In early October Claudia and I traveled to Utah and Colorado, and on our way we made a brief stop in the eastern Sierra.
Forecasts predicted a cold storm with low snow levels (for early October). That meant we might get to photograph aspens in snow, with autumn color, if we made it over to the eastern Sierra before the storm. So we packed hurriedly, hoping to make it over Tioga Pass before the road closed – which we did, with about 30 minutes to spare.
The next morning we could see that it was starting to snow at higher elevations, so we drove up into the mountains and arrived at some aspen groves just as the snow was starting to stick.
I had photographed autumn aspens in snow before on a few occasions, but it’s a hard thing to catch. Aspens drop their leaves for a reason – to shed them before snow starts falling, lest they lose some limbs. So this was a rare treat.
We photographed all day, and the next morning, though by then the snow had melted off the trees. But it was a fun start to the trip. And then we got to photograph aspens with snow in Colorado as well. I’m sure I’ll post some of those photos later.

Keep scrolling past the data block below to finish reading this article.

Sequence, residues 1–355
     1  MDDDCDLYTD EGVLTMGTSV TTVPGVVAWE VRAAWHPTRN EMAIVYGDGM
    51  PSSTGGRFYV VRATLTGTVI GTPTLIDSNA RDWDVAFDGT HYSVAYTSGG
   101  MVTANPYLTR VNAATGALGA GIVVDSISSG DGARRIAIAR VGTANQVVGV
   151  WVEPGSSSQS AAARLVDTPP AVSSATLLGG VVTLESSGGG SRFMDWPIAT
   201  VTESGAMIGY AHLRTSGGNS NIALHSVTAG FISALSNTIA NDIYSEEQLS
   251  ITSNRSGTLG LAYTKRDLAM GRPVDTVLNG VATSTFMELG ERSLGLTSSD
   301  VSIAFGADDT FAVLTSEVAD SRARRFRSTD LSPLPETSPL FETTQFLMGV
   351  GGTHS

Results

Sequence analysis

— Michael Frye
Michael Frye is a professional photographer specializing in landscapes and nature. He is the author or principal photographer of The Photographer’s Guide to Yosemite, Yosemite Meditations, Yosemite Meditations for Women, Yosemite Meditations for Adventurers, and Digital Landscape Photography: In the Footsteps of Ansel Adams and the Great Masters. He has also written three eBooks: Light & Land: Landscapes in the Digital Darkroom, Exposure for Outdoor Photography, and Landscapes in Lightroom: The Essential Step-by-Step Guide. Michael has written numerous magazine articles on the art and technique of photography, and his images have been published in over thirty countries around the world. Michael has lived either in or near Yosemite National Park since 1983, currently residing just outside the park in Mariposa, California.